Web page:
Taking Control - Is Tax Technology the Answer to "Hyper-Regulation?"

  • November 15, 2013

Many tax professionals have felt less in control and more disconnected in recent years – and for good reason.

First, as business ventures deeper into an era of hyper-regulation, the magnitude and complexity of tax-related rules intensifies. Ernst & Young’s aptly named “2011-2012 Tax Risk and Controversy Survey” report contained numerous alarming statistics, including this one: The volume of tax information exchange agreements, among different countries, has increased by more than 1,000 percent.

Since that report appeared, the OECD’s Base Erosion and Profit Shifting (BEPS) plan has taken shape. Although BEPS, which we’ll discuss in more detail in upcoming commentaries, has yet to be finalized, it’s a safe bet that the agreement will represent the largest global taxation reform ever. Add that, despite the political gridlock in Washington, some form of tax change, combined with the increased use of technology by tax authorities, the perceived rise in audits, and the impact to corporate tax operations becomes increasing complex. Thus, the term “hyper-regulation” becomes clear.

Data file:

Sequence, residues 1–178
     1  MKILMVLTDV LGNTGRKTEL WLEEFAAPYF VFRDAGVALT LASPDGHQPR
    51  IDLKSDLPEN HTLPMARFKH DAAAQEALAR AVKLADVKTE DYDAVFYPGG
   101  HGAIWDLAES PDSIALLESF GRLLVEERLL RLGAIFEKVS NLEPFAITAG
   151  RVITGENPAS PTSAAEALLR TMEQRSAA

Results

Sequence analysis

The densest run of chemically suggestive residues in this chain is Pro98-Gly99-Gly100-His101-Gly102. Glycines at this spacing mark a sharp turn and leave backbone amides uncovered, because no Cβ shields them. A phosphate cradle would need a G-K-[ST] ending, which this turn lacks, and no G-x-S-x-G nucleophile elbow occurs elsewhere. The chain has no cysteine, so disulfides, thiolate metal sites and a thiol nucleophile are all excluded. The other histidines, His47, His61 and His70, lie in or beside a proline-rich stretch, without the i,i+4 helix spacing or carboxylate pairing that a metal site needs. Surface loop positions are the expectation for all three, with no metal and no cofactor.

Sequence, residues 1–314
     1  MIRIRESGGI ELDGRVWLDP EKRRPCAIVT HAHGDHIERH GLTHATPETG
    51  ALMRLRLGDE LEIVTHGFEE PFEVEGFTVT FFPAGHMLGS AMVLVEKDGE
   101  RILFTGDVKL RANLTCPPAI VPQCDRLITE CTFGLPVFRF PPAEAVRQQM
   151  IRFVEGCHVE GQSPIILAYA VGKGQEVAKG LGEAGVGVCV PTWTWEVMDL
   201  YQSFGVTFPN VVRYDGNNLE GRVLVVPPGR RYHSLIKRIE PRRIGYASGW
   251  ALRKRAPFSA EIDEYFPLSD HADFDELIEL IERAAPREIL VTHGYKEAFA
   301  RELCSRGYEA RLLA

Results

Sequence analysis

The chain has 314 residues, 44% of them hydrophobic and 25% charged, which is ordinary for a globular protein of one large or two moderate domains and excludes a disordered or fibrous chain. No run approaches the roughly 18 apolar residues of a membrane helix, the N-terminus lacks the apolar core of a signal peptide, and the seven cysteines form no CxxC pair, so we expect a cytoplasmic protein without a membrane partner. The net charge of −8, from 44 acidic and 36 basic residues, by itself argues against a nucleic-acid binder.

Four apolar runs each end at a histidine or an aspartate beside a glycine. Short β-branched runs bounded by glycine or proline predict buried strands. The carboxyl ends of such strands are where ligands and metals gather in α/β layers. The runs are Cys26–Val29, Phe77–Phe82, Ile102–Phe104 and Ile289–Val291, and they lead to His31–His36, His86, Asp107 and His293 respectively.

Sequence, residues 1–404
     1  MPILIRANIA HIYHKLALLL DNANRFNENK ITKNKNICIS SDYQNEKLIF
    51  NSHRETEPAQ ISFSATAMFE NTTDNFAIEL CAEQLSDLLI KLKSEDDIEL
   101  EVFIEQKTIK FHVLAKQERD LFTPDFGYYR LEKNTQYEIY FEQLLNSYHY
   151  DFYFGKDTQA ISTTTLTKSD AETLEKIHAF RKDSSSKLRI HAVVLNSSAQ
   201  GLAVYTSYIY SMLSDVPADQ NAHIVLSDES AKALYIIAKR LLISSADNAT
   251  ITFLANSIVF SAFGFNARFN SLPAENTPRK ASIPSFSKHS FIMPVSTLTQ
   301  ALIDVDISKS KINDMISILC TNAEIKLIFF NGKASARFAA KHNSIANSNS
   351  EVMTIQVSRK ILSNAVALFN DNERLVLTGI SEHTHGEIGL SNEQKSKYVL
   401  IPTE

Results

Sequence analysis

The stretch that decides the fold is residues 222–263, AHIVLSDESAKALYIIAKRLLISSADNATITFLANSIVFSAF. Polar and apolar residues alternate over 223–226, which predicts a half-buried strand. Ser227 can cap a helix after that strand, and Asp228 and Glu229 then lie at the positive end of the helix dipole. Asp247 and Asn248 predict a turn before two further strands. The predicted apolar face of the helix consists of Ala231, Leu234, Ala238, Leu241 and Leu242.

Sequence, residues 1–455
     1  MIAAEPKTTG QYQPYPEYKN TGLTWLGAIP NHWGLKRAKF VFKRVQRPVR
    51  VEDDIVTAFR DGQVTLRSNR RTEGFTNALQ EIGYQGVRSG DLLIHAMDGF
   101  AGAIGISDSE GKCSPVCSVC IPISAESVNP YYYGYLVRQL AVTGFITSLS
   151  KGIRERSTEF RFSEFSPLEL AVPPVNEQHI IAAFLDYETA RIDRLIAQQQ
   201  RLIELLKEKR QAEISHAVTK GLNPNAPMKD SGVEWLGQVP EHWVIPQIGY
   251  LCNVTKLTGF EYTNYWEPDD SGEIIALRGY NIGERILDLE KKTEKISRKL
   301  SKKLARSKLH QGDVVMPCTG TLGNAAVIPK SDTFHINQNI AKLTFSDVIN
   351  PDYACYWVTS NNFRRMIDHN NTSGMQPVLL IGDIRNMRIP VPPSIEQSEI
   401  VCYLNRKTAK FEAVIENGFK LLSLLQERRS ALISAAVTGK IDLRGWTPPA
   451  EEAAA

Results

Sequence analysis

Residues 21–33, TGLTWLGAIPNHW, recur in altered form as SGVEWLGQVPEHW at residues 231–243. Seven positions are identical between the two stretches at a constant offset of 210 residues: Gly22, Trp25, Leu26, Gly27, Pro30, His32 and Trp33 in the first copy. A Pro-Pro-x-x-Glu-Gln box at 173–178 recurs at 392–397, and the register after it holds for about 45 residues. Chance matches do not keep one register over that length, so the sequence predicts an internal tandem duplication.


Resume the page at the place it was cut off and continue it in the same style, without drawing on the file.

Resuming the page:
The second reason relates to technology. We know from our research and discussions that many tax professionals feel they cannot keep pace with the increasing demands for tax data because so many financial systems are disconnected from the tax world.

To be sure, there are other reasons for feeling out of control. More organizations of all sizes are becoming global companies, and increasingly distributed organizations. Plus, the competition for tax talent continues to intensify, which means that most tax functions are doing more with less.

For tax professionals, the key question becomes how to assume and centralize control of distributed operations, and of tax data, regardless of which financial system it resides in. Addressing this question is something we’ve been discussing throughout our company for some time now.

Please remember that the Tax Matters provides information for educational purposes, not specific tax or legal advice. Always consult a qualified tax or legal advisor before taking any action based on this information.

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